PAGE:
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Société des Amis d’Isidore Isou correspondence

 Collection — Box: 1 [31151030118933]
Identifier: MS-0739
The Société des Amis d’Isidore Isou, or the Friends of Isidore Isou, was organized in 1970s France to assist and support Isidore Isou (1925-2007), founder of Lettrism, an art and literary movement which owed inspiration to Dada and Surrealism. This collection primarily includes the society's earliest correspondence, which documents requests for financial contributions to the newly-formed group, spanning 1970 to 1972.

Dates

  • 1970 - 1972

Creator

Conditions Governing Access

This collection is housed off-site and requires 48-hours' notice for retrieval. Please contact Special Collections for more information.

Collection is open for use.

Conditions Governing Use

Single copies may be made for research purposes. Researchers are responsible for determining any copyright questions. It is not necessary to seek our permission as the owner of the physical work to publish or otherwise use public domain materials that we have made available for use, unless Johns Hopkins University holds the copyright.

Extent

0.167 Cubic Feet (1 legal size folder)

Biographical note

Isidore Isou (1925-2007), born Isidor Goldstein, was a Romanian-born French poet, film critic and visual artist. He was the founder of Lettrism, an art and literary movement which owed inspiration to Dada and Surrealism. Born into a Jewish family in Botoşani, Isou started his career as an avant-garde art journalist during World War II, shortly after the August 23 coup saw Romania joining the Allies (see Romania during World War II). With the future social psychologist Serge Moscovici, he founded the magazine Da, which was soon after closed down by the authorities. He moved to Paris, having developed many concepts that intended a total artistic renewal starting from the most basic elements of writing and visual communication. He adopted then the French first name "Jean" (John in Engllish) and the pseudonym "Isidore Isou". He called himself a Lettriste, a movement of which he was initially the only member (at the age of 16 he had published the Manifesto in 1942) and published a system of Lettrist hypergraphics. Others soon joined him, and the movement continues to grow, albeit at times under a confusing number of different names.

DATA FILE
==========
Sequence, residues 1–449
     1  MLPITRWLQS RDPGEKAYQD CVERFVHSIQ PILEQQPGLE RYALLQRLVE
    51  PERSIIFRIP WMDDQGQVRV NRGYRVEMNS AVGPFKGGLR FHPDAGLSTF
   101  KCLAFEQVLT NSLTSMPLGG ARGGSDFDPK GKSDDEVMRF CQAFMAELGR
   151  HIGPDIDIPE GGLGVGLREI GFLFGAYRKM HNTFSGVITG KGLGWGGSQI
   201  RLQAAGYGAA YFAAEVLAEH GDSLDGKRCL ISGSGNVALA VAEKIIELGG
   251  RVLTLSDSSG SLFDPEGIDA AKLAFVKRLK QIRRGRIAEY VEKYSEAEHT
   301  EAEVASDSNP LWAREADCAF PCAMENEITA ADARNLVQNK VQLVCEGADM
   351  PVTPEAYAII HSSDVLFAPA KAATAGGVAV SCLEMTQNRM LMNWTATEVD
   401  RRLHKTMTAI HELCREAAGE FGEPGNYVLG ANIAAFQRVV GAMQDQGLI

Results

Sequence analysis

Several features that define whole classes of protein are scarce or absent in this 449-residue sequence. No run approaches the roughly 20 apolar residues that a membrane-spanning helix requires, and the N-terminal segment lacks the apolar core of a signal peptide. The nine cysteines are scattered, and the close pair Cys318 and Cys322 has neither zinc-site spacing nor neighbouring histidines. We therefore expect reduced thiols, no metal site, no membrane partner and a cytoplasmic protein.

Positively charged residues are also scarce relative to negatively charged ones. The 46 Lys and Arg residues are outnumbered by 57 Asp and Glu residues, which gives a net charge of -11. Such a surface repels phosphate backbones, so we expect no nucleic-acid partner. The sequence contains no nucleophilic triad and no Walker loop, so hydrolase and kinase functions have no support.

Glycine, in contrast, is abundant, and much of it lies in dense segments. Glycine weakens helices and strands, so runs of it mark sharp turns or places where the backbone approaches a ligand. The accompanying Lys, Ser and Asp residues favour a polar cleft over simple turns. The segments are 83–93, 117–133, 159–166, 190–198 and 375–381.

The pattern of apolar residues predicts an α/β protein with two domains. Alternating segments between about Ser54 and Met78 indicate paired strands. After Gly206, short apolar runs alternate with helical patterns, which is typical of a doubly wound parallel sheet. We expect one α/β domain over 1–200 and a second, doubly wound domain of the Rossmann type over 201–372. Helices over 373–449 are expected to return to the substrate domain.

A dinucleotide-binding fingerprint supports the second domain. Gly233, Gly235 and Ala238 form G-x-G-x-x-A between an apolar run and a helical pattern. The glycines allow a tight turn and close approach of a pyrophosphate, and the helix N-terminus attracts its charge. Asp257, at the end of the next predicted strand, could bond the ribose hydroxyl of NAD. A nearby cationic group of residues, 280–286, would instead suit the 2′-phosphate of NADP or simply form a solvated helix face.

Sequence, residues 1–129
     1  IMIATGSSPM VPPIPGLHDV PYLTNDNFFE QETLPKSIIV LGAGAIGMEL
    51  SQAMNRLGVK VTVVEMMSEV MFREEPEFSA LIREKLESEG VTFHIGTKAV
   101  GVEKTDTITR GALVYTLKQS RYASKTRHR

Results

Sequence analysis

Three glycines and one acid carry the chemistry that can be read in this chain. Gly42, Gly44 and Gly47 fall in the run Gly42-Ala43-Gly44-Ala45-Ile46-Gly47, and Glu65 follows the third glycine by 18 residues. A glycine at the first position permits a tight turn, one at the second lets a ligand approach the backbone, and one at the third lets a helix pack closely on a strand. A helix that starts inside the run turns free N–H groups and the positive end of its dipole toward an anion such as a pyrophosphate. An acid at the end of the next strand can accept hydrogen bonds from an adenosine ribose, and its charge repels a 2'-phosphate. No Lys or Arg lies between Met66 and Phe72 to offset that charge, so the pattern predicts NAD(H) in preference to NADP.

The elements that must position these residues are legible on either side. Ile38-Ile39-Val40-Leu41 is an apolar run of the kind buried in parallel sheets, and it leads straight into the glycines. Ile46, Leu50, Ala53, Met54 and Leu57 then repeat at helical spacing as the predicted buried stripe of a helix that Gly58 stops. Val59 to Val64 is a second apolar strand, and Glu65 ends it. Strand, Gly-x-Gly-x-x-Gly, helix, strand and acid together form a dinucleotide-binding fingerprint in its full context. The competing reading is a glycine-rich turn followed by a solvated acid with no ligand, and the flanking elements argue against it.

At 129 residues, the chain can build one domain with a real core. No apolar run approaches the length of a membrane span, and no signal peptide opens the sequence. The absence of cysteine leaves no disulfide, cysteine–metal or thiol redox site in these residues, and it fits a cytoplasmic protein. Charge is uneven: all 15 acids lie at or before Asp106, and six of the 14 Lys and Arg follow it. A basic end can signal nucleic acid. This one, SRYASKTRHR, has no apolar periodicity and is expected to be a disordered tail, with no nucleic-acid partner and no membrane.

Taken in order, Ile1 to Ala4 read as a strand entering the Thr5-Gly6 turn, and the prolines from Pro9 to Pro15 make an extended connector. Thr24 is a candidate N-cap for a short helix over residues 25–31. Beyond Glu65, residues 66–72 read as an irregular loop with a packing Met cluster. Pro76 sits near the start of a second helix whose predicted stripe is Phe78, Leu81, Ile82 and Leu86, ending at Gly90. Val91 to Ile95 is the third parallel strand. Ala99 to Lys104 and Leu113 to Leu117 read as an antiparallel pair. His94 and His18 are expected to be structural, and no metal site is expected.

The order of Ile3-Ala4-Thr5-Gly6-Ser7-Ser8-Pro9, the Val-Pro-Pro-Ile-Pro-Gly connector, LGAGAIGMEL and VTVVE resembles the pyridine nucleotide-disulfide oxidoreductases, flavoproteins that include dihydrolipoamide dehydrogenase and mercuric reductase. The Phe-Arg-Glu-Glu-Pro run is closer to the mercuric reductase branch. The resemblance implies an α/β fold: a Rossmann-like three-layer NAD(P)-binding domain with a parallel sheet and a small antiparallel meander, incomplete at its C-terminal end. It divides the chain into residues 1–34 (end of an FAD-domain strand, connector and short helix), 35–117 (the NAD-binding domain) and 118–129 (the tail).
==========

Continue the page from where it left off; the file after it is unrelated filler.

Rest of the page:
In 1951 the young Isou released his experimental and revolutionary film Traité de bave et d'éternité (Treatise on Venom And Eternity), work deemed revolting by many critics present at the premiere. Including a reflexive discourse on the making of a new cinema, it became a virtual Lettriste film manifesto. Attacking many film conventions by chiseling away at them in his film, Isou introduced the concept of "discrepancy cinema" where the sound track has little or nothing to do with the accompanying images. The sound track of Treatise on Venom and Eternity begins with jarring and unpleasant human noises, which continue in low volume throughout the spoken dialogue. In addition, the celluloid on which the film was recorded was attacked with destructive techniques such as scratches and bleaching. The film caused a scandal at the 1951 Cannes Film Festival, and was later introduced into the United States, where it influenced avant-garde film makers such as Stan Brakhage. In the early fifties one segment of Orson Welles film journal, which was entitled Le Letrrisme est la Poesie en Vogue, included an interview with the young Isou and Maurice Lemaitre.